Experiments with the SSB satellites (AO-73, FO-29 and VO-52) with the V2000 vertical
Browsing around the AMSAT-UK site yesterday, I came across this article by the ever inspirational Ray, W2RS about how he had made QSOs on the SSB satellites using nothing more than a dual band mobile whip, a diplexer and SSB transceivers for 144 and 432MHz.
Well! I wondered if I could do something similar, given that I had the V2000 vertical up on the mast. In some respects, it is a ‘long whip’ as Ray discusses, putting quite a lot of radiation towards the horizon, which is what’s normally wanted for tropo, but not for satellites, but there are certainly some vertical lobes.
So, I fed the V2000 into the Diamond diplexer and then connected the appropriate coax from the diplexer to the FT847’s 144MHz port and (separate) 432MHz port.
An initial test to see if there was much desense or crackle was positive.
The first satellite around was AO-73, which was testing its’ transponder in daylight. After a bit of fiddling around, I was able to hear my CW, just as the satellite flew over the horizon! Then VO-52 came over and I was receiving good signals on 145MHz and again was able to hear my CW, sufficiently to call CQ. No-one came back, but it’s a start! I also managed to hear myself on a pass of FO-29 with reasonable elevation.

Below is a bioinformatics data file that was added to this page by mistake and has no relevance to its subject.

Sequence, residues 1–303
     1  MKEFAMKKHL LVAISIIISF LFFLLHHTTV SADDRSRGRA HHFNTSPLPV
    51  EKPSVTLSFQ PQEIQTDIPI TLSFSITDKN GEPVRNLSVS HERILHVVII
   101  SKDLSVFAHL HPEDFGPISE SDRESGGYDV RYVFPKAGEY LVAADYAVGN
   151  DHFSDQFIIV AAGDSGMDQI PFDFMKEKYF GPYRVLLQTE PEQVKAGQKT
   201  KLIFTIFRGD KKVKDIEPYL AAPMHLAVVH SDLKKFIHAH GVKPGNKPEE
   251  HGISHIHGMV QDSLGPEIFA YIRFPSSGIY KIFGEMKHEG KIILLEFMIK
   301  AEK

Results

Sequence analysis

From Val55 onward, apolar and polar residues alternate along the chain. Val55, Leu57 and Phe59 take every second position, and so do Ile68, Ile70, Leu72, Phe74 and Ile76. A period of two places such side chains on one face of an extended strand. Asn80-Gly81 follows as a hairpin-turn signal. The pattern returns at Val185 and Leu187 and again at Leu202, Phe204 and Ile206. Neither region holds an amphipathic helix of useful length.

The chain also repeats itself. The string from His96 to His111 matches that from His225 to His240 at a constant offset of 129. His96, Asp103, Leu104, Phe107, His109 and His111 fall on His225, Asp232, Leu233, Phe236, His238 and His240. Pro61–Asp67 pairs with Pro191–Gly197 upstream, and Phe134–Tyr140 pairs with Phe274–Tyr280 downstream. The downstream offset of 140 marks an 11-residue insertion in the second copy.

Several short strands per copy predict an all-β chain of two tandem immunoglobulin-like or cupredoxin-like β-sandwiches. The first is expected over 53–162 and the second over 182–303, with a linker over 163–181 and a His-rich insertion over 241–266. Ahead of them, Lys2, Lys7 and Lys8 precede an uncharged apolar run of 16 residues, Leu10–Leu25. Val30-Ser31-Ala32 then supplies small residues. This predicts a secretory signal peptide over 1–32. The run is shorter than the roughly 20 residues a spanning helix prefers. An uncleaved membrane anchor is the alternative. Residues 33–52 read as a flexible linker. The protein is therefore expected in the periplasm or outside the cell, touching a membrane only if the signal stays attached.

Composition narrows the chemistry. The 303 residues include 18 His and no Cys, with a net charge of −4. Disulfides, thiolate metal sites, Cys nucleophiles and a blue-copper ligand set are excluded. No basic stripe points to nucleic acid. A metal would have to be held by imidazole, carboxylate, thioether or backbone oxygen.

This is all quite promising and I’m pretty sure that I will be able to make some QSOs in due course, most likely on CW.
However, all of this enthused me sufficiently that I’m aiming to be able to take the FT847 out into the garden (or out portable) with the diplexer and the Elk to try and make some contacts with the yagi.
Good fun – thank you for the inspiration, Ray!
Sounds like you have made a big step forward into yet another area of ham radio. I am also getting ready for some SSB/CW and maybe FM Satellite fun soon. It took a while but I managed to get to oldies as far as radios. I picked up a TS-711A first. This gives me 2 meter all mode at about 25 watts. With a lot of searching a luck just recently picked up a TS-811A, the 440 twin of the 711. I have also purchased both the 2 meter and the 440 M2 Eggbeater Satellite antennas. With some luck I will be on the air soon running full duplex doing what you did first. Sent some CW CQ and see if I can hear myself and if anyone can hear me back. The Eggebeater antennas work from horizon to horizon with no dead spot over head. At least that was what I have bee told. Time will. Tell Sure hope I can find you on one day. Won’t that be a blast… Have a great week-end and thank you for sharing.
73 Harry K7ZOV
Wow….Great article and information. I’m still trying to come up with a effective way to access SO-50. My Icom 7000 and Arrow 2 meter/70 centimeter ground plane were ineffective….Heard maybe 2 seconds of weak signal out of 4 orbits(one of which was directly overhead the QTH). Looks like it’ll take a beam,rotator and some sort of tripod/mast arrangement The experts claim a fixed,no gain antenna wont be very effective Oncr again thanks…..73 K4BAD
Harry, you should easily hear SO-50 work that antenna. To enhance your reception did you account for doppler shift as the satellite approached and then passed you by?